I started Super Vision International out of a garage with my
friend, Roy Archer, in 1989. Over the past 17 years, we’ve
grown the company from a modest start-up that sold $50,000 in
fiberoptic lighting its first year into a publicly traded entity
that’s doing closer to $12 million in annual sales
Through the 1990s, we grew with remarkable speed and kept pace
with some of the other bulls on NASDAQ. Our sense of invincibility
was further fueled when we were named one of America’s 500
fastest-growing technology firms by Deloitte & Touche and
Florida Power/Progress Energy.
Little did we realize an unforeseen enemy was gathering at the
It wasn’t the burst of the high-tech bubble that nearly
got us. It was a new breed of economic terrorism emerging overseas.
Counterfeiters headed by a Chinese national (Samson Wu) and his
family had illegally stolen trade secrets. They were selling
unlicensed Super Vision products on the black
It started in late 1998, when I received calls from my British
and Japanese distributors, Garry Armitage and Keiji Yamada. They
said that counterfeits of our products were turning up in their
Garry said the counterfeiters had actually stolen our logo and
trademark in some cases. Meanwhile, Keiji had been contacted by
some Chinese outfit offering to sell him everything in the Super
Vision line for less than half of our distributor’s price.
This was actually less than our own production
Apparently, the Wu family had set up a network of dummy
corporations in 27 countries, including China, Panama, parts of
Africa and South America. They were operating under various names
and counterfeited everything from our fiberoptic pool lights to
Bulova watches and Kodak one-hour photo labs.
As I sat in my office listening to Keiji, the walls started
caving in. Later, in my book The Real War Against America
(Specialty Publishing Co., 2005), I recalled the exact moment and
sheer terror I experienced after that call. The passage reads as
“I said goodbye to Keiji, offering some words of hope as
I hung up. Deep inside, however, I felt frustrated and furious. I
had no idea how I would fight this faceless enemy, but I was well
aware of how devastating their acts would be to our business. I had
faced this type of theft before in a previous company. The results
“I had already known that we were experiencing a steep
sales decline overseas, particularly in Asia. But until then, I had
attributed this to just a decline in economic conditions. I looked
across my office at the many gifts from our foreign distributors. I
wondered how many of them had been approached as Keiji and Garry
had. I looked out my window and watched a snow-white egret plummet
through the blue Florida sky and skim the silvery surface of the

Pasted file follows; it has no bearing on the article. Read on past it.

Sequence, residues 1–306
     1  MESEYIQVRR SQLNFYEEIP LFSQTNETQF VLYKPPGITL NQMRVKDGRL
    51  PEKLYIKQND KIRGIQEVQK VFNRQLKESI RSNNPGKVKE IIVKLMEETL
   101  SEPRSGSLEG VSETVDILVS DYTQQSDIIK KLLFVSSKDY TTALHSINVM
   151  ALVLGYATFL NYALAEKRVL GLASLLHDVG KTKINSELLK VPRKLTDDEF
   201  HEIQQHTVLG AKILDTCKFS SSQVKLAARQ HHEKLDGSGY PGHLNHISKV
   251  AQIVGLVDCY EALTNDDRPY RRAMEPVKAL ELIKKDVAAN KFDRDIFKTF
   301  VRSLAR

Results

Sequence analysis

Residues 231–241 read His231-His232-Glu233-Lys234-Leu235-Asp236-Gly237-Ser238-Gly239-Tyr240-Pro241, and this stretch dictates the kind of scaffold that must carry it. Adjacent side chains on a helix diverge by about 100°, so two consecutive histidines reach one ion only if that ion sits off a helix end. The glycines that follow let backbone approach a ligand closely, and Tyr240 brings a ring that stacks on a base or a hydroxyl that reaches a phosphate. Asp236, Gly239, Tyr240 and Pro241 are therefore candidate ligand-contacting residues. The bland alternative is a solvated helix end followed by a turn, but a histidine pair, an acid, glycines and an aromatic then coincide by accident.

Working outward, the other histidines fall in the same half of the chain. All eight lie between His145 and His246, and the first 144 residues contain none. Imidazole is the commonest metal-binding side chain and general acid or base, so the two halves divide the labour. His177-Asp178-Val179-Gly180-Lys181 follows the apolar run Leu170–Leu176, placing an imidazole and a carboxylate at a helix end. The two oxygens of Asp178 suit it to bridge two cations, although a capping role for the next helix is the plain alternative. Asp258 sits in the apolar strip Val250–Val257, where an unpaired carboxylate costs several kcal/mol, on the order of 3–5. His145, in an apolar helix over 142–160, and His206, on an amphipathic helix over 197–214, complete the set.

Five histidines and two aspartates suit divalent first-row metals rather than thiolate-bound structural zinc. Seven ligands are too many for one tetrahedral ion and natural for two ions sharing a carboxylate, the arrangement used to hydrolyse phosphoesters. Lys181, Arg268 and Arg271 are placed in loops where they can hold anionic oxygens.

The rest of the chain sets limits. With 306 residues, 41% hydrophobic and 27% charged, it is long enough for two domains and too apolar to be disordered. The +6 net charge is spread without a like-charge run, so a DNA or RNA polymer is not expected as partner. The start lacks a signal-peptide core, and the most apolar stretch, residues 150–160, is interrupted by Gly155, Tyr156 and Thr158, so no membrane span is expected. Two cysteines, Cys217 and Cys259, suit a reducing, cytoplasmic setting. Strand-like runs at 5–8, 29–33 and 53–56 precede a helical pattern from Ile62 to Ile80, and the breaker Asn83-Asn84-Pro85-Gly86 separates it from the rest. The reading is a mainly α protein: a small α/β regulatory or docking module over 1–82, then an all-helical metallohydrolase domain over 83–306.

pond. His talons plunged swiftly beneath the water line, and he
emerged with his lunch.
“Predator and prey, I thought. Someone was now eating our
For the first time, the entire staff at Super Vision saw dark
clouds in their future rather than sunny skies. We had been a
company used to doubling its sales every year for nearly 10 years,
so the financial decline from the counterfeiting was like a train
Our troubles didn’t end there. FBI wiretaps eventually
revealed that the Wus had bribed our own director of research and
development, Jack Caruso. They paid him $1.4 million for siphoning
trade secrets to one of their American subsidiaries. Caruso was
aided by two of our shipping clerks, Jose Cruz and Ron Simon, the
last of whom confessed to the larceny.
We knew we had to do something or we wouldn’t last
through another season. We couldn’t sit back and let
criminals destroy years of our hard work. Once I finally regrouped,
I swore to bring the counterfeiters to justice or hunt them to the
ends of the earth.
With the help of the FBI, we later managed to track down Wu in
Florida and brought a civil suit against his family. Though the
U.S. attorney general refused to try the case against Caruso, we
ultimately won $46 million in our lawsuit against the Wu family.
But other than seizing a few million dollars of our counterfeit
products in the United States, we have yet to collect a penny of
Immediately prior to the verdict, the Wus encumbered all their
warehouses in the United States with loans and liens, and wired out
millions of dollars to overseas accounts. Some of the seized
counterfeits were later stolen by the Wus in violation of the court
order and shipped back to China. No doubt they are still
counterfeiting our products overseas.
We have kept the Wus out of the U.S. markets, and are still
pursuing them around the world. However, we had one lingering
question: How could we protect ourselves from this type of
intellectual property theft in the future? The answer was
innovation ... constant innovation.
The only way to survive was to reinvent our fiberoptic product
lines with new technology. We made much of what they’d stolen
obsolete with our new line of LED lights that is years ahead of our
We brought that new corporate vision to our dealers and
distributors, and they’ve remained faithful ever since. In
the past three years, we’ve seen our LED sales grow to almost
70 percent of our pool sales. This is a huge change from the nearly
100 percent product sales we had in the past from fiberoptic pool
This dramatic turn of events completely changed our company and
put us back on the road to recovery in terms of lost sales.
We’ve managed to rebuild our fortress on the foundation of
* Reprinted with permission from Specialty Publishing Co., Carol
Super Vision International Inc.
- The only way for
America to compete with theft and cheap labor is through constant
- In every great
crisis lies the seed of opportunity.
- Never give up.
- Your customers,
distributors and representatives will support you as long as you
possess optimism and a vision.